Since it is essential the present invention be in a consistently operable state, it is essential that means be provided to monitor the status of the pressurized gas supply. An understanding of the operation of a system pressure indicator used with the present invention may be best gained by reference to FIG. 4 and FIG. 5. FIG. 4 illustrates the state of the system pressure indicator 29 in the unactuated state where gas supply chambers 12 have been pressurized. As stated hereinabove, the chamber defined by cylindrical bore 26 will be pressurized at the same magnitude as gas supply chambers 12 since all are in communication through supply ports 13b and 13c. Cylindrical plug 71 of system pressure indicator 29 is threaded within bore 25. A fluid leak between pressurized chambers 12 and the ambient environment is precluded by a conventional, resilient seal 70.
An axial bore 69 is disposed through plug 71, indicator pin 72 being disposed therethrough. Indicator pin 72 is resiliently biased by helical spring 73. When helical spring 73 is compressed, the terminus of indicator pin 72 may be viewed through transparent cap 74. The orientation of indicator pin 72 is controlled by expandable indicator diaphragm 75. Indicator diaphragm 75 is fabricated from an expandable, impervious material which may be plastically deformed when subject to a pressure differential. Indicator diaphragm 75 is maintained in position through a bushing 76 and a sealing plug 77 which is threadingly engaged to a portion of the interior bore of plug 71. In the unactuated state, the normal pressure of the gas being stored in gas supply chambers 12 and cylindrical chamber 25 in communication through supply ports 13a-13d, inclusive, will deform indicator diaphragm 75 in the manner shown in FIG. 4. So long as the force of the pressurized gas deforms indicator diaphragm 75, it will impose sufficient force upon indicator pin 72 to compress helical spring 73 thereby permitting the tip of indicator pin 72 to be viewed through transparent cap 74.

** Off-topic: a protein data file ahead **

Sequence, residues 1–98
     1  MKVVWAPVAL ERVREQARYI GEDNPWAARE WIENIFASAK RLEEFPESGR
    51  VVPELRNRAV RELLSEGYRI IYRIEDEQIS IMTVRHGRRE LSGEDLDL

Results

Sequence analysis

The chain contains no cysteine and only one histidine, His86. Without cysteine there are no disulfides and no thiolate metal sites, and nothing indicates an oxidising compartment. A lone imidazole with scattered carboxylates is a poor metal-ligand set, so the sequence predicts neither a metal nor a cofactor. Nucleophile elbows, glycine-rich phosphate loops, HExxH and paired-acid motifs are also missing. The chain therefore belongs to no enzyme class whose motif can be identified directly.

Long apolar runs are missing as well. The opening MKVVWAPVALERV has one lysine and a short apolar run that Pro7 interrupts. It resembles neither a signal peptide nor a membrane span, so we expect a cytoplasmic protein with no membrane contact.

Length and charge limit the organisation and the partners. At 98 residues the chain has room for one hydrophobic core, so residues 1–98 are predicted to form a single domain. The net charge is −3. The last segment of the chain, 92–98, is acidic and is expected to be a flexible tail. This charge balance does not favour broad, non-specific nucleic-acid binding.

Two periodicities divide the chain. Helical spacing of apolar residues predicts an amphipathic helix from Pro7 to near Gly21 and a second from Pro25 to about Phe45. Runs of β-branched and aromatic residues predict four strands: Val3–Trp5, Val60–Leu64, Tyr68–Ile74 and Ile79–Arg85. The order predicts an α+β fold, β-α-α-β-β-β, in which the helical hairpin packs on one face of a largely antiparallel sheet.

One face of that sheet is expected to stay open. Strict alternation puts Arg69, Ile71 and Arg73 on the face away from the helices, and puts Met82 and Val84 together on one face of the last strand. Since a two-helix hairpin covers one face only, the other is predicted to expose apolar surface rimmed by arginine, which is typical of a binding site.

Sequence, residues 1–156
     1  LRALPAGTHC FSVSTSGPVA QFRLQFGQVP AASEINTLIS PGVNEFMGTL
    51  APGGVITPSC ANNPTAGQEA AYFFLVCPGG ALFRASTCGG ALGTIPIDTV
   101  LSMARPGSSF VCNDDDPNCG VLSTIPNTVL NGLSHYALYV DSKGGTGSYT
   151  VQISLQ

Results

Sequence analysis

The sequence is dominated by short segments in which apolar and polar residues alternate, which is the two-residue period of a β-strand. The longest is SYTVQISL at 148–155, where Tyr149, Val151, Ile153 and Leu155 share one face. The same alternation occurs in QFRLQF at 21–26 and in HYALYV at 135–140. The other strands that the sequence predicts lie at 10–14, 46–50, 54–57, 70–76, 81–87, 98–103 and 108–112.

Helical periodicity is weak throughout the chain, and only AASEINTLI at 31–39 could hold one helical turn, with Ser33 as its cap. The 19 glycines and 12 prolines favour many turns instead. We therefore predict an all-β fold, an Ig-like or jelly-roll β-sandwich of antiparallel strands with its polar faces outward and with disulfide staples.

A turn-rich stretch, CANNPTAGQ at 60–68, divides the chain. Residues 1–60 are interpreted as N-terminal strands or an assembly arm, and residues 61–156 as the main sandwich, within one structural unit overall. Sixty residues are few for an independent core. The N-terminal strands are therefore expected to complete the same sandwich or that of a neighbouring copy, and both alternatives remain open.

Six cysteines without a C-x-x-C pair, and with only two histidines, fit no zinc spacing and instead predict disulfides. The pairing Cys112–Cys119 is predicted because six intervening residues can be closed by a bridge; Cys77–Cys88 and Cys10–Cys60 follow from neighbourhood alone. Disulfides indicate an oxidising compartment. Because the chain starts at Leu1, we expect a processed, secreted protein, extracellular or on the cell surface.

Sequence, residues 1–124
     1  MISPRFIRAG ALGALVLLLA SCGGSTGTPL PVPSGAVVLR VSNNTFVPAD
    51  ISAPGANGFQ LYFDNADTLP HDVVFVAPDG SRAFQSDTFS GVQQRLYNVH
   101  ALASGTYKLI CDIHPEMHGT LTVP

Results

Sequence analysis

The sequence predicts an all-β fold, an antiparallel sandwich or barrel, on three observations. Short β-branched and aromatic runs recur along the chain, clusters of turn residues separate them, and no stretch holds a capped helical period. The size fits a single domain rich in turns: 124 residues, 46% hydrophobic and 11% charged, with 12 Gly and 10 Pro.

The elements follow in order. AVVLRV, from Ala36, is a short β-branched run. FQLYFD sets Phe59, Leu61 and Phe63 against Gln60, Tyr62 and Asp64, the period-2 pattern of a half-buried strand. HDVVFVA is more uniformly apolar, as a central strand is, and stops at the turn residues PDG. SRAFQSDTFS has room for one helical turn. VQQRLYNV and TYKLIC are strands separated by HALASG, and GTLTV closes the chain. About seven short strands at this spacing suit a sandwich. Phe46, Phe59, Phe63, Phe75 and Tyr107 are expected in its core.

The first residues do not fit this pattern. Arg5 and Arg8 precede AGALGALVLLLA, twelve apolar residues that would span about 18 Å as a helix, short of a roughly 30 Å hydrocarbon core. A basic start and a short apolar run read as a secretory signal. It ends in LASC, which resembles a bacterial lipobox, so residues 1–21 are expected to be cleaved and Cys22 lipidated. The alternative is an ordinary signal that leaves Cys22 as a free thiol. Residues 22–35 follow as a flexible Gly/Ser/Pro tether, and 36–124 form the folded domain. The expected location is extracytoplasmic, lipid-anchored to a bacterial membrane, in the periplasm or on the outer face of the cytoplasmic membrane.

FIG. 5 illustrates the state of the present invention system after a pressure loss due to activation or malfunction. After inflation of the vehicle occupant restraint system, the pressure remaining in supply chambers 12 will be insufficient to deform indicator diaphragm 75. As can be seen in FIG. 5, when indictor diaphragm 75 is not deformed, indicator pin 72 will be urged downwardly by the force imposed by helical spring 73. When indicator pin 72 is forced downwardly, the system is unpressurized and requires maintenance.
It can therefore be seen the present invention comprises an improved collision sensor and activation apparatus for a vehicle occupant restraint system. Through the use of a collision sensor having a non-uniform mass, a collision may be detected irrespective of direction. The combination of a frangible sensor shaft 36 in combination with the non-uniform mass of sensor weight 37 provides means for actuating an air bag system which is substantially improved over those devices taught by the prior art.
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|U.S. Classification||280/737, 180/282, 280/734|
|International Classification||B60R21/268, G01L19/12|
|Cooperative Classification||G01L19/12, B60R21/268|
|European Classification||G01L19/12, B60R21/268|
|May 11, 1999||REMI||Maintenance fee reminder mailed|
|Oct 17, 1999||LAPS||Lapse for failure to pay maintenance fees|
|Dec 28, 1999||FP||Expired due to failure to pay maintenance fee|
Effective date: 19991017